In December 2018, I spent the first two weeks of the month in my mom’s hometown, Davao City, Philippines. It’s taken me a long to write about it because I’ve been having trouble putting all of my thoughts and feelings down into words. Since I returned stateside, friends have asked me about the trip and it’s been difficult to answer with all the complexity of emotions attached to it. Increasingly as I get older, I’m becoming more and more aware of the ways colonization and colonial mentality have affected me and my mental health. It had been over ten years since my last trip to the Philippines and the first time visiting with this awareness and with a mindset of decolonization and healing. But overall, it was so good for me. I spent as much time as possible outdoors. I swam in the ocean frequently and to the point of exhaustion. I ate all the things. I heard stories and learned new things about ancestors I never got to know. Although it took me several days to realize it, being there and away from my life in Chicago, I never felt angry or stressed. The absence of those emotions is something I hadn’t experienced in a long time.
Growing up in a conservative, mostly white community in Florida, I internalized a lot of self-hatred. My parents’ aspirations of assimilation only accentuated the ways in which I would never reach the idealized standards of western culture and beauty. Like so many young Filipina girls, I was told by members of my extended family to stay out of the sun, otherwise I’d get dark and if I got dark I would be ugly. Those are almost exact words that many Filipina girls hear as children. It’s not something I thought about a lot, and in a way kind of forgot - almost an instinctual forgetting as a means of survival. The first time I listened to Ruby Ibarra’s Circa91, it was almost jarring hearing the opening track. On the track her mother chastises her and her sister for playing in the sun, and all of a sudden I am five-years-old again hearing my grandmother and my aunties telling me the exact same thing, the feeling of shame for being in one’s own skin ingrained from childhood. (On the other side of that, if you happened to have a more fair (white) complexion, you would be praised for having “flawless skin”.)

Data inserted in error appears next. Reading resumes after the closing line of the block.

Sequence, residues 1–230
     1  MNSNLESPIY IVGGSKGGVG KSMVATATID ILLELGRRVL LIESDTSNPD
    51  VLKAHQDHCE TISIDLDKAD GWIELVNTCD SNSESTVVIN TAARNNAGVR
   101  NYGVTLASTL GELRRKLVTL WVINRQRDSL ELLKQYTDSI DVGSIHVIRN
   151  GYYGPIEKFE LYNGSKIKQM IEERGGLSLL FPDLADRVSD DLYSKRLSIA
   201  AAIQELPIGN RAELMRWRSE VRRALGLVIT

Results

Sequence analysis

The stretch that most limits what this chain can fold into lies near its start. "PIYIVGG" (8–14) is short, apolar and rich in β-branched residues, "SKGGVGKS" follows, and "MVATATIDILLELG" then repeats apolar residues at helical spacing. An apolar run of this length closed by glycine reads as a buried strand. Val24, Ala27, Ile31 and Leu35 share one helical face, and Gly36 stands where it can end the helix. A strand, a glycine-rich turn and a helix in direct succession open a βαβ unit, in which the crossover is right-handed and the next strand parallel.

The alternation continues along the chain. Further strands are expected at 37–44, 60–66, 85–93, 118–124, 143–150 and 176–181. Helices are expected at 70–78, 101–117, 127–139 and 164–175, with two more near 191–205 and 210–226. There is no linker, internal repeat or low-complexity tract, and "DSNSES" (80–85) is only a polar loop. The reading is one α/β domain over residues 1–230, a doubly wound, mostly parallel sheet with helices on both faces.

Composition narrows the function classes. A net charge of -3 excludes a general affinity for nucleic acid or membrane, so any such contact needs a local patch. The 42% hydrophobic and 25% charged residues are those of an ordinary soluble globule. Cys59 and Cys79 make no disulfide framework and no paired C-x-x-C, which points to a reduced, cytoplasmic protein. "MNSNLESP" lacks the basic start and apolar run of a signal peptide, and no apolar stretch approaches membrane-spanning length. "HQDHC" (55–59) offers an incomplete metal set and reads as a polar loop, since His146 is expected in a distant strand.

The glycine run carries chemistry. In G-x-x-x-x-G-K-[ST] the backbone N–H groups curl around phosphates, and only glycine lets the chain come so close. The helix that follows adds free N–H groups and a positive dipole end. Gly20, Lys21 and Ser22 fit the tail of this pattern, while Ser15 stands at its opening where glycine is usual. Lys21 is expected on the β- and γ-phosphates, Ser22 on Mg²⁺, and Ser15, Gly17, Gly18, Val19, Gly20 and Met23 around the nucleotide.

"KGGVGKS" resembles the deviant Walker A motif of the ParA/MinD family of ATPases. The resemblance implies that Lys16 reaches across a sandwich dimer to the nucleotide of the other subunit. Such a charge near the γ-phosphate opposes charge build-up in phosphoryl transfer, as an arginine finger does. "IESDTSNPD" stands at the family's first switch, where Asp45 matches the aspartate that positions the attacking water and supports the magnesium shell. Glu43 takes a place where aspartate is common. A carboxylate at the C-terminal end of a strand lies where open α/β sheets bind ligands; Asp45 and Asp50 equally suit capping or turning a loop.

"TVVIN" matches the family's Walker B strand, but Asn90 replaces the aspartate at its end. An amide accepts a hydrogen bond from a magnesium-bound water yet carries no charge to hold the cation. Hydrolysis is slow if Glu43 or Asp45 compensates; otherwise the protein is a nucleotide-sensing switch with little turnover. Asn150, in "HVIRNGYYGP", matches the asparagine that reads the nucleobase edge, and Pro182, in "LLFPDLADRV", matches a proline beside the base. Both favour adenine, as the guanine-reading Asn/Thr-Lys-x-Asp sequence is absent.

On one hand, it felt great to look around and be surrounded by people that looked like me. But not living in the Philippines, I forgot how ever present this idolization of whiteness is, and so on the other hand, it was hard to look around and see all the industry that exists that perpetuates the belief that the natural color of our skin is inferior. The banquet at my mother’s homecoming celebration was sponsored by a skin-whitening soap company and each give away bag had a bar of papaya whitening soap in it. My cousin’s daughters are told not to lay in the sun on our rented bangka. Their bathroom counter holds more than one skin lightening lotion. The subtleties of language that shame us for getting “dark”, while in the United States white people get “tan”.
I could continue on about all the things in Filipino culture that frustrate and anger me, but there so many contradictions that exist in the Philippines and within the Filipino diaspora. Also, it’s probably already been written about more eloquently than anything I could possibly muster up. As I sat down to write this, all of the contradictions kept me thinking about our constant need to define things. I understand that definition is important because ambiguity is (can be) scary. But with definition, there is often judgement. The thing that I wanted to share, the thing that I kept thinking about and still think about is the idea of tenderness and love without judgement. Being in the Philippines was an exercise in loving without judgment. So much of the trauma I feel is informed by the 500 plus years of colonization that my ancestors endured. But the most beautiful parts of me also stem from this ancestry. I am in no place to judge the things my ancestors did in order to survive. I wouldn’t be here if they didn’t. It wouldn’t have been productive of me to get into arguments about hundreds of years of history that I can’t change. It only would’ve put up walls between me and something I’m trying to understand. Mostly I came away from my trip with a desire to hold the entire country/culture in my arms and tell it that it’s okay, that the best I can do for the culture is to heal myself.
If you have thoughts or feelings on this, feel free to email me or slide into my DMs on your preferred social media platform. I’m (usually) down for some thoughtful, respectful conversation.